Figure Top Left: Changes in multiple aspects of climate are apparent in every US region. The five maps present observed changes for five temperature, precipitation, and sea level rise metrics: 1) warming is apparent in every region (based on changes in annual average temperature in 2002–2021 compared to the 1901–1960 average for the contiguous United States, Hawaiʻi, and Puerto Rico and to 1925–1960 for Alaska); 2) the number of warm nights per year (days with minimum temperatures at or above 70°F in 2002–2021 compared to 1901–1960) is increasing everywhere except the Northern Great Plains, where they have decreased, and in Alaska, where nights above 70°F are not common; 3) average annual precipitation is increasing in most regions, except in the Northwest, Southwest, and Hawai‘i, where precipitation has decreased (same time periods as annual average temperature); 4) heavy precipitation events are increasing everywhere except Hawai‘i and the US Caribbean, where there has been a decrease (trends over the period 1958–2021); and 5) relative sea levels are increasing along much of the US coast except in Oregon, Washington, and Alaska, where there is a mix of both increases and decreases (trends over 1990–2020).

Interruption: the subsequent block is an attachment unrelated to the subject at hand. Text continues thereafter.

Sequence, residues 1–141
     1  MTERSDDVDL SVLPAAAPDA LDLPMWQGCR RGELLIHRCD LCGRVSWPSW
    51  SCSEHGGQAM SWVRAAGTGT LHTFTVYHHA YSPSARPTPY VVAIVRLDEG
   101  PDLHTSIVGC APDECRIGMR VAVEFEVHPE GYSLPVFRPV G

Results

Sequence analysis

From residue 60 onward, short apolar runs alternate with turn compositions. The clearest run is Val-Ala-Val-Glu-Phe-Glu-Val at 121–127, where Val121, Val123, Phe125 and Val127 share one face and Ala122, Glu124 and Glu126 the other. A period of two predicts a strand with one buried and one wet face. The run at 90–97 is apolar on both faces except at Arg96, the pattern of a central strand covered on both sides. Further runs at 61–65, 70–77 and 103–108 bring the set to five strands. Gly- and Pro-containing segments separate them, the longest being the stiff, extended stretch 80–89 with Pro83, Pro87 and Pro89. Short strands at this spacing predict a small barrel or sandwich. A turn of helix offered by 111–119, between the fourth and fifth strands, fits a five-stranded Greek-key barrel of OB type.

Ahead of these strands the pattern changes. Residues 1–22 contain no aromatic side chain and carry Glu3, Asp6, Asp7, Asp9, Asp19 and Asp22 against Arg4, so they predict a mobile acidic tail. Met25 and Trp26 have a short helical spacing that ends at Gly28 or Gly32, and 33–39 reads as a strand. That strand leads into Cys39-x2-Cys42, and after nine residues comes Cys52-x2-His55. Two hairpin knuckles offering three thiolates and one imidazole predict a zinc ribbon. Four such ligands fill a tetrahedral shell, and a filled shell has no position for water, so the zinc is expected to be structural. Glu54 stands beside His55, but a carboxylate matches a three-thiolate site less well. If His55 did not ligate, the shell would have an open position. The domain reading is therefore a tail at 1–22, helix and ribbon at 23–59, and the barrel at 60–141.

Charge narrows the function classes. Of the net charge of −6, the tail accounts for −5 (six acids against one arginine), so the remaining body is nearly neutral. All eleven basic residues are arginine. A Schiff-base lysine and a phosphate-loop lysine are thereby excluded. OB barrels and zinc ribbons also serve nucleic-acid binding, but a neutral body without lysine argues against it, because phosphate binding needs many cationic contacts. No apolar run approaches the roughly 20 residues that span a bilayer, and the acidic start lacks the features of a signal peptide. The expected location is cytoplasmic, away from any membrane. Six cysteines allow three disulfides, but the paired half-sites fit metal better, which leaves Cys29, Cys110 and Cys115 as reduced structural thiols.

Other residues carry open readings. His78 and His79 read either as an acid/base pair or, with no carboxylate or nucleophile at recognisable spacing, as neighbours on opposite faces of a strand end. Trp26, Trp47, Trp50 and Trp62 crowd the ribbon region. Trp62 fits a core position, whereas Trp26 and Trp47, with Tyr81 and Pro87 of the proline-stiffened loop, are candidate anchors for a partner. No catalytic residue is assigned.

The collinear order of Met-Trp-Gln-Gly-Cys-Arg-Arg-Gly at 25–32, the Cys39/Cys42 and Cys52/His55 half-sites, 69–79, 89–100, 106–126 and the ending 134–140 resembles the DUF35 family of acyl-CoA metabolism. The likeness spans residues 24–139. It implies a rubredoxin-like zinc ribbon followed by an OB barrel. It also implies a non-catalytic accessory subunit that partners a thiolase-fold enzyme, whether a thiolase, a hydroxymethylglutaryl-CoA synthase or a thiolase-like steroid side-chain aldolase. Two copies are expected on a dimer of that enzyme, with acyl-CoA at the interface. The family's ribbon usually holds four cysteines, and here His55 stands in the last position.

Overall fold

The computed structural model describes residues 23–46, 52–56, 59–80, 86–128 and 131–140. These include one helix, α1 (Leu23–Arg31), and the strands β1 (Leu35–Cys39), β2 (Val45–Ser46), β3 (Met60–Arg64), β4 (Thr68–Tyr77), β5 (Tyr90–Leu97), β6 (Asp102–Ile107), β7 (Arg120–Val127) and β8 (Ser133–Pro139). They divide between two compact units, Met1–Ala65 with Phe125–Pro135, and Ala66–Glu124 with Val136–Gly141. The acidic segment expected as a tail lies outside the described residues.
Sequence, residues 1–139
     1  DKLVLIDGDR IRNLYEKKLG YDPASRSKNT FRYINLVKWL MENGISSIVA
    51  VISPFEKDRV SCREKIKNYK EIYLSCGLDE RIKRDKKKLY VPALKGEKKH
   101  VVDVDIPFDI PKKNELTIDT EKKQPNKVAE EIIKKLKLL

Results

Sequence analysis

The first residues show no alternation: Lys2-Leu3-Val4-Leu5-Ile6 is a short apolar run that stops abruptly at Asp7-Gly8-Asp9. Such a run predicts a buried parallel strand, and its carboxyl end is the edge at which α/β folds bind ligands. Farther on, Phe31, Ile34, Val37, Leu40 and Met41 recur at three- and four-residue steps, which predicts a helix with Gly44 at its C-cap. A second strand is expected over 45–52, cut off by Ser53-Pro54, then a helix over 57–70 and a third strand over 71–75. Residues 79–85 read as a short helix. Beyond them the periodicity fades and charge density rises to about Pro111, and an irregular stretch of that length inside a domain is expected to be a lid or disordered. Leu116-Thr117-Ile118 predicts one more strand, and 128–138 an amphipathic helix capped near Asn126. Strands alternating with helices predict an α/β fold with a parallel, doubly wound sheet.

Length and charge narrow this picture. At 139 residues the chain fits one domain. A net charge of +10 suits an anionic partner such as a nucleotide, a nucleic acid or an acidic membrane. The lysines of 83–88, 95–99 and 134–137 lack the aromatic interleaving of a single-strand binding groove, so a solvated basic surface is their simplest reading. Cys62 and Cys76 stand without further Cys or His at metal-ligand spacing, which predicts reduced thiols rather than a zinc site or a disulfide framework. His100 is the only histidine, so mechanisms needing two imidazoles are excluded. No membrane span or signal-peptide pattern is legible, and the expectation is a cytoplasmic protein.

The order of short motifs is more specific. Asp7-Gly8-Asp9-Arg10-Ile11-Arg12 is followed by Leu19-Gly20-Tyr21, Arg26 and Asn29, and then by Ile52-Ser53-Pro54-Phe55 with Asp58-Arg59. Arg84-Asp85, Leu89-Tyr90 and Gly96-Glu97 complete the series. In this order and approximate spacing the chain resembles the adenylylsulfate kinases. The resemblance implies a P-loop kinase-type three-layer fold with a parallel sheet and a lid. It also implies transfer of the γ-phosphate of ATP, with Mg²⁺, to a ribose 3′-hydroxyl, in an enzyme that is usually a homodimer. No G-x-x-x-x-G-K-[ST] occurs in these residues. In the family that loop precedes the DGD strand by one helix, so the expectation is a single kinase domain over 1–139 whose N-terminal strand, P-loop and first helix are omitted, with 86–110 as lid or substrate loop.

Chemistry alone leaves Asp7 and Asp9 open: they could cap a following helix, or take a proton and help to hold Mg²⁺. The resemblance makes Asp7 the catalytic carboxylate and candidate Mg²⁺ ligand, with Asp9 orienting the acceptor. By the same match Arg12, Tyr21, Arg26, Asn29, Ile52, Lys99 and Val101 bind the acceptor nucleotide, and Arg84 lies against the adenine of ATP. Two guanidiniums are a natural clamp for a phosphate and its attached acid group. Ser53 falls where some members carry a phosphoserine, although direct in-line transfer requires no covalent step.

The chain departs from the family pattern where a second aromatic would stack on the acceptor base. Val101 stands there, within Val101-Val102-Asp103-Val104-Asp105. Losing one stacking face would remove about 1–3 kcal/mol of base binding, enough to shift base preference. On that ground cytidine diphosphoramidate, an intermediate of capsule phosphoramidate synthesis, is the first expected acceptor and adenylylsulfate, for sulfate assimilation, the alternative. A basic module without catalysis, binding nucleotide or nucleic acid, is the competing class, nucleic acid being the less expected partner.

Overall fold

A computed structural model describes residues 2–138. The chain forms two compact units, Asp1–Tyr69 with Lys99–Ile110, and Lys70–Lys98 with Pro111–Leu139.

Figure Top Center: Every fraction of a degree of additional warming will lead to increasing risks across multiple sectors in the US (see Table 1.2 and “Current and Future Climate Risks to the United States” below). Without rapid, substantial reductions in the greenhouse gases that cause global warming, these climate risks in the US are expected to increase.

Figure Top Right: People born in North America in 2020, on average, will be exposed to more climate-related hazards compared to people born in 1965. How many more extreme climate events current generations experience compared to previous generations will depend on the level of future warming.